Military Review English Edition November-December 2015 - Page 77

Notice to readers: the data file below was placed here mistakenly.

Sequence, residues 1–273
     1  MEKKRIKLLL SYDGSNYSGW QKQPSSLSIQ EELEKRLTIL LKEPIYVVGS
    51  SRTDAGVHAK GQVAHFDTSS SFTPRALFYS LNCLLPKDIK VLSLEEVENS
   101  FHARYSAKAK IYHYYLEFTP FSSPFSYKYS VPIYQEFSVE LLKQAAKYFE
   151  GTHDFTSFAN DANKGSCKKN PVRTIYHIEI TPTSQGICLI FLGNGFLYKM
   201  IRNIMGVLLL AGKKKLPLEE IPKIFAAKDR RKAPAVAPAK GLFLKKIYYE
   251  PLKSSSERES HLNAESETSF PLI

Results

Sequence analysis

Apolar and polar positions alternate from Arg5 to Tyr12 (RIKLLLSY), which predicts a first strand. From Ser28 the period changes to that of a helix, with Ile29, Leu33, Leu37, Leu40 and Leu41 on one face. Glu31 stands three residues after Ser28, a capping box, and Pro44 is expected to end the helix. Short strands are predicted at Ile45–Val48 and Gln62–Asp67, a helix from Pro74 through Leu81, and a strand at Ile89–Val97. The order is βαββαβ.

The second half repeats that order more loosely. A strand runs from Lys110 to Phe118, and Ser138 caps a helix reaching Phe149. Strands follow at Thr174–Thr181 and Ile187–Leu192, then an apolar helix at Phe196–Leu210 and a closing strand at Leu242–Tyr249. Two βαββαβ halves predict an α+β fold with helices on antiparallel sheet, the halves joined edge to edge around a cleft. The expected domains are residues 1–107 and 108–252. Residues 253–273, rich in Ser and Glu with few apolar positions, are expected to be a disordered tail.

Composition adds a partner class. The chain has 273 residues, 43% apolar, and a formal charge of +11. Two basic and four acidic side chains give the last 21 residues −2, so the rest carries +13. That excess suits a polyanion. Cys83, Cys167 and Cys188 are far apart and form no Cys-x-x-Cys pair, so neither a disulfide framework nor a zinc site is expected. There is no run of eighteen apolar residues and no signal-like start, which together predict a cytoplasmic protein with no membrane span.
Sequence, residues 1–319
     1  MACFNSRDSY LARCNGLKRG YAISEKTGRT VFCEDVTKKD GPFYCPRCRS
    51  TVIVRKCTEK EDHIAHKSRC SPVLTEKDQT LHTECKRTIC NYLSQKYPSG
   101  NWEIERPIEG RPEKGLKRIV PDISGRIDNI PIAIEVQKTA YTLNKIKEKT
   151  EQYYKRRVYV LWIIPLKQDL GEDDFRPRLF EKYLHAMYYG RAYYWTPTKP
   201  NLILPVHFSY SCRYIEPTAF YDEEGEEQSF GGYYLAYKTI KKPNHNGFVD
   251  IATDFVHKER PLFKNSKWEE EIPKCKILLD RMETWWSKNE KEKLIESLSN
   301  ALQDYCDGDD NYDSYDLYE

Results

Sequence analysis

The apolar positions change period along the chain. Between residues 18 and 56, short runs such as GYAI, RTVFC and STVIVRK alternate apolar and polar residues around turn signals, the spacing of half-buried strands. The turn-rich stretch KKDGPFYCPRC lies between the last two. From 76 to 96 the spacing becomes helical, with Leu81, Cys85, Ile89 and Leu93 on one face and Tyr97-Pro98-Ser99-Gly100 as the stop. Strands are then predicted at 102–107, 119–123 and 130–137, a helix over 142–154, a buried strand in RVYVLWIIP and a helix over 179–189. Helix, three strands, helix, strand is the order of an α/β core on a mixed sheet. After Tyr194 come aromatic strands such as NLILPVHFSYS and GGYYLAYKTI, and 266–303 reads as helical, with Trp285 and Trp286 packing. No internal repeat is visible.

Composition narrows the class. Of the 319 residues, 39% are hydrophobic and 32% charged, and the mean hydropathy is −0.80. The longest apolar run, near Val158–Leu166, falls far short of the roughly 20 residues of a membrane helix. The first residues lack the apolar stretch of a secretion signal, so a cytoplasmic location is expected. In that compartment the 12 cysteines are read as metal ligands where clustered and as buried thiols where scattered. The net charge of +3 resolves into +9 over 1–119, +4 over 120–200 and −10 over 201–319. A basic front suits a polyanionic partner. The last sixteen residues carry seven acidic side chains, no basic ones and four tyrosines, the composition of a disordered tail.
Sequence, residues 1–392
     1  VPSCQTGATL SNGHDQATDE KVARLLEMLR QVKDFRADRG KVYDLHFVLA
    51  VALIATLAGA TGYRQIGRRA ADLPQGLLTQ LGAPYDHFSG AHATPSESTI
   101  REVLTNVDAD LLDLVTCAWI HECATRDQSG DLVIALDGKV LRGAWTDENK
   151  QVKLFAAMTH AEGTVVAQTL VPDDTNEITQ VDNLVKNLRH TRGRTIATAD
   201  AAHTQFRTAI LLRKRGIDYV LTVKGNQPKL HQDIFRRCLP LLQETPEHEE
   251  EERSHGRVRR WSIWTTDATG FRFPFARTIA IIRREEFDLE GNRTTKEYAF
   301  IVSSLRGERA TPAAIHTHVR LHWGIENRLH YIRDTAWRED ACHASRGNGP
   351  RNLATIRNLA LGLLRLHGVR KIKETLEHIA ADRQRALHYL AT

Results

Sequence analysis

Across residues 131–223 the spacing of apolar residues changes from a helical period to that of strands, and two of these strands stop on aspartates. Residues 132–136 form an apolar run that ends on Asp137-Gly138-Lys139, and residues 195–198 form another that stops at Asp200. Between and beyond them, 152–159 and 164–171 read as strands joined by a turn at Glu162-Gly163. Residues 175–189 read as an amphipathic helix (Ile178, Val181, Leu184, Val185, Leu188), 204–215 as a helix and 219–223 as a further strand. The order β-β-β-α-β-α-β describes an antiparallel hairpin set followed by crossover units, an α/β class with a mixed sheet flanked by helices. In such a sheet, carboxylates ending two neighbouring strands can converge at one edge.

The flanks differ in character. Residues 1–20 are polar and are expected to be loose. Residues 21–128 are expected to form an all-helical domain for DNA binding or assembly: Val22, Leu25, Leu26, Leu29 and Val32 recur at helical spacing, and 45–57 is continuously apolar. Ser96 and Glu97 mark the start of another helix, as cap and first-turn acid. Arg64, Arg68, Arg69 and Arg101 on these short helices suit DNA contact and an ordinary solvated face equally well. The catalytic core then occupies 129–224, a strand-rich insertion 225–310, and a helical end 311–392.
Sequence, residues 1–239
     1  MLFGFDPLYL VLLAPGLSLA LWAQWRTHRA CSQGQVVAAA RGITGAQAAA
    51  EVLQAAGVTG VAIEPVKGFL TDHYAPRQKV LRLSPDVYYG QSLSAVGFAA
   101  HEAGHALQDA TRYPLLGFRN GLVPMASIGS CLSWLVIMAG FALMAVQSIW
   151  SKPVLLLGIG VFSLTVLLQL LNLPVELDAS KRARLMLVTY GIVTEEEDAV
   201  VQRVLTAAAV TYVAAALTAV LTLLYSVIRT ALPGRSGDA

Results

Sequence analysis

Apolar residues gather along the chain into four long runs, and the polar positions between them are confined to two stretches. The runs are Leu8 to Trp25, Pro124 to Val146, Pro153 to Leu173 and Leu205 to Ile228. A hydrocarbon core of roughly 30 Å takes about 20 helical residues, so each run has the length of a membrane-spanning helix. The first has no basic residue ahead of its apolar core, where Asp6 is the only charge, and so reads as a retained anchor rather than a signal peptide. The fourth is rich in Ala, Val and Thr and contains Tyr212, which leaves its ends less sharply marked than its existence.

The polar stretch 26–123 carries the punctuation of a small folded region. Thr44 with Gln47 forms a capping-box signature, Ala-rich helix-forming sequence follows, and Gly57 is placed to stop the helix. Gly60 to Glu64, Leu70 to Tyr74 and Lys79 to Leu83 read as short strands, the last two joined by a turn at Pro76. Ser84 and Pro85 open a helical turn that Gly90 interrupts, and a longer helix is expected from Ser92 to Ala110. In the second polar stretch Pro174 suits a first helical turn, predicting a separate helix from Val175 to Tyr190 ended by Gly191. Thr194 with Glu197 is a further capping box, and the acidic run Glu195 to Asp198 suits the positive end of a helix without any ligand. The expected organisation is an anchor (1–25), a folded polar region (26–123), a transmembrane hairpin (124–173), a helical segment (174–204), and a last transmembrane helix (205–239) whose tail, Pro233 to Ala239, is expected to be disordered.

DRONES, HONOR, AND WAR An MQ-9 Reaper takes off March 2009 at Balad Air Base, Iraq. the use of armed drones, and the classical conception of honor and courage in war. In this context, both academic literature and popular media tend to portray the drone as a symbol of America’s cultural disintegration. What emerges in the antidrone discourse is a critique of modernity, and a melancholic longing for imagined traditions of bravery and honor. A Weapon of Cowards? In The Thistle and the Drone, Akbar Ahmed, chair of Islamic studies at American University, and a former senior fellow with the Project on U.S. Relations with the Islamic World at the Brookings Institution, suggests that the drone is far more than “the twenty-first century’s most advanced kill technology.”2 He sees weaponized drones as the symbol of the cultural clash between the United States and the tribal Muslim societies in the “periphery.” According to Ahmed, who studied the Pashtuns, Yemenis, Somalis, and Kurds, the use of drones represents America’s new reliance on a martial ethos that is no longer about traditional military values. The American use of drones, Ahmed claims, shows that the United States does not abide by the same rules of honor as ancient cultures. Instead, it embraces a modern philosophy that is alien to the people it attacks. Therefore, Ahmed explains, Muslim tribesmen see drone warfare as “dishonorable” and “blasphemous.”3 Tribal societies, Ahmed contends, are deeply rooted in tradition, making sense of the present through their MILITARY REVIEW  November-December 2015 (Photo courtesy of the U.S. Air Force) understanding of shared experience. Men in these societies, Ahmed contends, live by an ancient code of honor passed on through generations by the actions and oral narratives of a community’s elders. The tribal lineage system is characterized by its martial tradition, and the ancient code of honor and revenge. The claim is that the essence of tribal societies is a tapestry of courage and pride, and a sense of egalitarianism, and that these features have remained remarkably unchanged through time. In the novella Hadji Murad, Leo Tolstoy writes about the strength of a Muslim tribal leader facing imperial Russia, and a century later Ahmed detects the same fortitude in the tribal societies he studies. Ahmed argues that, coming from this stable tradition, tribesmen do not respect the new ways in which Americans fight. The drone comes to represent American power, overwhelming and, by definition of its very modernity, unfair, unjust, and unnatural. Honor is equated with the traditional, while dishonor with the modern. It is not only ideology that defines what is or is not honorable but also the techniques or modes of warfare. Ahmed remarks that Americans can fight bravely, and they have proven to be brave, in past battles. There is a sense of nostalgia in this argument. Ahmed turns to World War II to pinpoint a historical moment that he claims showcases American bravery in combat. In the past, he argues, the American soldier could win battles through hand-to-hand fighting that 71